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Re: Can you reset boundaries in long-term friendships ? If so, how ?
« Reply #4 on: February 20, 2021, 08:41:43 PM »
Thanks so much for the advice. I do know this stuff, but when triggered it gets lost. I've hidden my female friends social media so it's helpful just not to see it. There's been no contact for some weeks now, so I'm just going with the flow. I realise that I've contributed to this situation over the years when I was less clear and aware of healthy boundaries. I suppose I shouldn't be surprised that better boundaries are confronting so I guess a test of what's real in a friendship.

My husband's cousin is a different case. We do genuinely care and love each other. Your advice to be clearer about my needs in the relationship is excellent and in his case I know he will respond.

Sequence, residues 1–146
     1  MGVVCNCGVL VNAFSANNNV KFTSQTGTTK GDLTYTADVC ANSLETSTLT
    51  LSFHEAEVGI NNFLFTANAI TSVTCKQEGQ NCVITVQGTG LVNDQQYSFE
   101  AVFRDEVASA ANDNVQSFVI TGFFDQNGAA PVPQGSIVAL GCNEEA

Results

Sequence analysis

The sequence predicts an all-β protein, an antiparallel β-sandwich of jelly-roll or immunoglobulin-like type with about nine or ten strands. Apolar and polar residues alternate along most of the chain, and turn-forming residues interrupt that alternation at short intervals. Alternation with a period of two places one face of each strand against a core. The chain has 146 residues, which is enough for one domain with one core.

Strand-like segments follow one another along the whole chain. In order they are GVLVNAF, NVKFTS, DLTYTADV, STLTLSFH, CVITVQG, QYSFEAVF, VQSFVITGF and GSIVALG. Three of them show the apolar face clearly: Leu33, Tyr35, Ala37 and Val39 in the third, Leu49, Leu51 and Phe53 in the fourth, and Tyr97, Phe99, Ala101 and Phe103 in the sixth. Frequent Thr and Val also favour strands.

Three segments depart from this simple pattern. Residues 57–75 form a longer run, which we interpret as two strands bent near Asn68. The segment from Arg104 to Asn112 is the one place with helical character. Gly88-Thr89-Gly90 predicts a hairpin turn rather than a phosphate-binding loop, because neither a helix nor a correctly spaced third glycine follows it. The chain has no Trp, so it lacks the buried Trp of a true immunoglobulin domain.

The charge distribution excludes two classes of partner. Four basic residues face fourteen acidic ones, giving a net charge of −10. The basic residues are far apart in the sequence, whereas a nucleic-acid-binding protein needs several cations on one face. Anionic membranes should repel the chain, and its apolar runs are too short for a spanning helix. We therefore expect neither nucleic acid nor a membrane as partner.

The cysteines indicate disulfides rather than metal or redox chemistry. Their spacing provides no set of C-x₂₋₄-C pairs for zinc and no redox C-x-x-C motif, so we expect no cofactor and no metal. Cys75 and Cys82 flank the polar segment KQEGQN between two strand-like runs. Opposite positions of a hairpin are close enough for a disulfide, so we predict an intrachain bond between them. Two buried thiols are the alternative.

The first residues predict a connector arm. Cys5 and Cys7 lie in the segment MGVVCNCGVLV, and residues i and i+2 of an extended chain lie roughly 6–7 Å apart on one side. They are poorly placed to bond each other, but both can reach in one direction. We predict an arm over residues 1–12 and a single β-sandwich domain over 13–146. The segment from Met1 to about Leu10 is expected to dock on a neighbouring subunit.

I think I'm rather Covid weary in general. When you live in a beautiful seaside location, you get a lot of visitors generally but since Covid we've had severe restrictions on travel interstate and all overseas travel is banned. We've been inundated with family and people wanting to stay or visit so my husband and I are more than a bit jaded. We're good cooks and hosts but it's been a heck of a lot of give and not much take !!

I think it's time to circle the wagons and rethink how we're doing things in general. Thanks for listening and taking the time to pep me up again :-)


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zak